Breast Exam

Doctors check breasts for health during an exam. They look for unusual signs like redness, rash, and if one side looks different, including the nipple. Then, the doctor checks by feeling the breast and underarms for any lumps that shouldn't be there.

Imaging Tests

The primary imaging test for breast cancer is a mammogram, which is an X-ray of the breast. The examination is generally not painful, but some women experience short-term discomfort due to the need to compress their breasts during the examination. However, pressure is necessary for the test to be reliable.

Another kind of test is breast ultrasound, which is an examination that uses sound waves to obtain an image of the internal organs. Although a mammogram is the “gold standard” of breast tumor diagnosis, an ultrasoundTrusted Source is more valuable in the case of high-density breasts, i.e., breasts with a high concentration of glandular tissue, which is most often present in young women. On mammograms, glandular tissue is white, and so is the possible tumor, which makes high-density breasts prone to “hide” small cancer on the mammogram. Therefore, an ultrasound examination is more reliable in such cases.

MRI (magnetic resonance imaging) is a test that enables one to obtain a more detailed picture of the breasts. It typically involves the injection of a dye into a vein.

Lab Tests

When a tumor is found in the imaging tests, sometimes it is necessary to remove a small part of it for testing in the lab. A healthcare professional obtains tissue samples using a needle inserted through the skin into the chest. This procedure is performed under local or general anesthesia. A biopsy is necessary to diagnose the type of disease and establish a treatment plan.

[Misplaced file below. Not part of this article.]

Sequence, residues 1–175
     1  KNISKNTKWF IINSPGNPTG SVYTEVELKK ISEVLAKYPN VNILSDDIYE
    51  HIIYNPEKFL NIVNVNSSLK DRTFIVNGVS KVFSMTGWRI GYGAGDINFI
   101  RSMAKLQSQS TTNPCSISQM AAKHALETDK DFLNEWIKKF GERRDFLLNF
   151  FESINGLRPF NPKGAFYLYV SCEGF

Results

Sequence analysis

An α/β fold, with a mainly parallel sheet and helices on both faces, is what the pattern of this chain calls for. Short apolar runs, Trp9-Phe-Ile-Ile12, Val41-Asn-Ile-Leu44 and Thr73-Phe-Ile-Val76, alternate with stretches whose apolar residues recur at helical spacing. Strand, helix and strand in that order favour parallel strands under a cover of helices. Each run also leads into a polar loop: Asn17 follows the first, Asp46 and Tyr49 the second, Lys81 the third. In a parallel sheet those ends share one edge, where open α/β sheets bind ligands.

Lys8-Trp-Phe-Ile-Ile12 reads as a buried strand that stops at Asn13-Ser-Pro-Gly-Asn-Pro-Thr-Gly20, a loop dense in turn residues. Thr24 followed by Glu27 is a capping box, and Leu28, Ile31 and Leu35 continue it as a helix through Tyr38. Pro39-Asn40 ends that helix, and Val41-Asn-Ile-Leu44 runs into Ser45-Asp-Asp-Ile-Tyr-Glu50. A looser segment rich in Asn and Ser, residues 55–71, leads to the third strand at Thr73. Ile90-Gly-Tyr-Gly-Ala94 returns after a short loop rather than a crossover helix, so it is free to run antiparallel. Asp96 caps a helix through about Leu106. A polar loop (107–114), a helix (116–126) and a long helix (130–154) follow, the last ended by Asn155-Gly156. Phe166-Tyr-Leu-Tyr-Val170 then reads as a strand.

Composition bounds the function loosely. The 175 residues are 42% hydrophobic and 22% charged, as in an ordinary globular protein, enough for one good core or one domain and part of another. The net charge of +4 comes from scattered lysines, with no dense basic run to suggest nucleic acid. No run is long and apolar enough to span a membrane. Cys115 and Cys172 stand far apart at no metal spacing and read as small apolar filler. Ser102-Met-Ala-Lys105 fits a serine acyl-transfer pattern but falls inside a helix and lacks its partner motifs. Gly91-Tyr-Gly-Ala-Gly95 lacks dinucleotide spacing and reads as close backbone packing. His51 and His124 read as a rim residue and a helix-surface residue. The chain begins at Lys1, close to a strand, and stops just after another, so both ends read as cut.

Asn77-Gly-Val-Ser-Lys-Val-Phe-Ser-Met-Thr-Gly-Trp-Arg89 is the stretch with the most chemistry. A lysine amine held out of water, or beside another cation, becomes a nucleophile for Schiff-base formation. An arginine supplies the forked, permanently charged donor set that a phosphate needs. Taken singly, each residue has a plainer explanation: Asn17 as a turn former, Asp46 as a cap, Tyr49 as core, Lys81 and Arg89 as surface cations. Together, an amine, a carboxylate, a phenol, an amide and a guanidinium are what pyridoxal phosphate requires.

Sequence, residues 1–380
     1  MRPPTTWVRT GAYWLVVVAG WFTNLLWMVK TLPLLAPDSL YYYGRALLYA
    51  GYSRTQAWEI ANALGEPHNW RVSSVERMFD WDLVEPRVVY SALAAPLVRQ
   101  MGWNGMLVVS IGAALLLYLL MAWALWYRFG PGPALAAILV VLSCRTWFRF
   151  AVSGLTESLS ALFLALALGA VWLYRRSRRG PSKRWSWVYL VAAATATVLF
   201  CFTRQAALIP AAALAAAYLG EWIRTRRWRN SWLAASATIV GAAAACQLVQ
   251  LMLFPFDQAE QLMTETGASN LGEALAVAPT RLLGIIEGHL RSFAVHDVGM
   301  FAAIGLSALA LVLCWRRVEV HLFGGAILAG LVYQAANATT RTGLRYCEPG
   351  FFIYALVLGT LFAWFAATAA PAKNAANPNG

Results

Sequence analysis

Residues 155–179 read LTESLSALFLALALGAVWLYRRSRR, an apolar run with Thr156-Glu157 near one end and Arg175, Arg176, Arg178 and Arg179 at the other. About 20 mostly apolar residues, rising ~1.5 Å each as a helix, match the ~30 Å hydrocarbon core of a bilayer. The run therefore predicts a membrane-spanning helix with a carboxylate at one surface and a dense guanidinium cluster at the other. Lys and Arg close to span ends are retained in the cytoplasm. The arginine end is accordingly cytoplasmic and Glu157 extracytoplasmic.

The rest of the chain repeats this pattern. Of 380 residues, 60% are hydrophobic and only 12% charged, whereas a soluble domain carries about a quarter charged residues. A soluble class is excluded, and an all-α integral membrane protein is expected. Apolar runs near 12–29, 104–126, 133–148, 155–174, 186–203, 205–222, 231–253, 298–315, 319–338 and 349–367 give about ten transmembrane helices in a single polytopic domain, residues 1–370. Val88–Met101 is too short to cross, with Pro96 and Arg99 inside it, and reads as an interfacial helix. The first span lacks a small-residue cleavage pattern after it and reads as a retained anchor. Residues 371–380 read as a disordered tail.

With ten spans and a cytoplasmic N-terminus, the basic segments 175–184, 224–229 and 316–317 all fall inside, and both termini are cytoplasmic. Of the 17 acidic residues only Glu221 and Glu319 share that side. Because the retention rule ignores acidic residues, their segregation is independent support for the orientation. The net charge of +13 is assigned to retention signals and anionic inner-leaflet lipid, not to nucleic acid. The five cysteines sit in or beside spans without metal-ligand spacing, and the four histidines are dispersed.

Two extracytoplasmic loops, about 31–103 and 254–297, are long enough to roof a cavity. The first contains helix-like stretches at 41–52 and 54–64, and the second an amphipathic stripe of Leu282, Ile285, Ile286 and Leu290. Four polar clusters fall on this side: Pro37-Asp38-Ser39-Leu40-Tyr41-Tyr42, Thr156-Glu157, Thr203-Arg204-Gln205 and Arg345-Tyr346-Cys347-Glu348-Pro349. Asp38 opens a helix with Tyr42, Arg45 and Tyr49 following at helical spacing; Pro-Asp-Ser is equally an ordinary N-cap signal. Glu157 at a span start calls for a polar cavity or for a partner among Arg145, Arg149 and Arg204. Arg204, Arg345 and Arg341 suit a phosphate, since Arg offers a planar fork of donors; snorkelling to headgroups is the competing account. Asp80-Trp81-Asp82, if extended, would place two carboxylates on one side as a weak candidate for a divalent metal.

Stages

After making a diagnosis, the doctor determines the advancement (stage) of the disease. To assess the advancement of breast cancer, imaging tests are standardly performed. Those include:

Additionally, the doctor may order a computed tomography of the brain and an assessment of the bones for the presence of metastases. The stage of the disease is determined based on the size of the tumor, metastases in the lymph nodes, and metastases in the other parts of the body. Sometimes, the stage can be determined only after the cancer removal surgery.

Stages of the cancerTrusted Source are indicated by numbers 0 to 4, with 0 being the cancer localized only in the tissue it originates from and 4 being the most advanced cancer that has spread to other parts of the body.

Treatment

Surgery is most often the top choice for treating breast cancer. How much surgery is needed can change based on how far along the cancer is. Sometimes, doctors remove the tumor and put a little bit around it. Other times, they might have to take out the whole breast. If the cancer is far along, treatment might focus more on making symptoms more straightforward to handle.

The treatment options include:

Early, quite common complications that may occur during radiation therapy include redness and skin pain, which disappears after the use of painkillers. The skin may look similar to sunburn – special moisturizing creams are used after radiotherapy.